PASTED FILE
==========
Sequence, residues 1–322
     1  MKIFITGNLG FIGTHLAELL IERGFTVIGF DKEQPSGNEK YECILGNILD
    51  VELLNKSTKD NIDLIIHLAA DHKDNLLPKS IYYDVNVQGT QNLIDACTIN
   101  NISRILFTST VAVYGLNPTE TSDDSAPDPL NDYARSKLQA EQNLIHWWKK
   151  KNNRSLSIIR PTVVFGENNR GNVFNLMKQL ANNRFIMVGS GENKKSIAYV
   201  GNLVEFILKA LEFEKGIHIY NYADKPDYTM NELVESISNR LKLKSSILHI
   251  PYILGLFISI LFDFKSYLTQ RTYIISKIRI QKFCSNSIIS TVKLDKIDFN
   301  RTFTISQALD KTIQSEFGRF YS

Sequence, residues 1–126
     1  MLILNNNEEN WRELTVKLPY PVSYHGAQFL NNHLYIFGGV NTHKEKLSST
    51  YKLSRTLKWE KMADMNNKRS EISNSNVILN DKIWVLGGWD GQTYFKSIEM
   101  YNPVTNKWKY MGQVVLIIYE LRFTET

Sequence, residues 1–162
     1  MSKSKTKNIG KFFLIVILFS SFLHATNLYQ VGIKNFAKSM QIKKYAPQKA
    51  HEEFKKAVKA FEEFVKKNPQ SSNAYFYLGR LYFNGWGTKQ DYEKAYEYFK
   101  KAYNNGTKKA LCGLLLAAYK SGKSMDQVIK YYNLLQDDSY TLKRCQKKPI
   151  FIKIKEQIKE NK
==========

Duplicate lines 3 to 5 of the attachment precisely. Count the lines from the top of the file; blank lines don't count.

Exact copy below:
    51  VELLNKSTKD NIDLIIHLAA DHKDNLLPKS IYYDVNVQGT QNLIDACTIN
   101  NISRILFTST VAVYGLNPTE TSDDSAPDPL NDYARSKLQA EQNLIHWWKK
   151  KNNRSLSIIR PTVVFGENNR GNVFNLMKQL ANNRFIMVGS GENKKSIAYV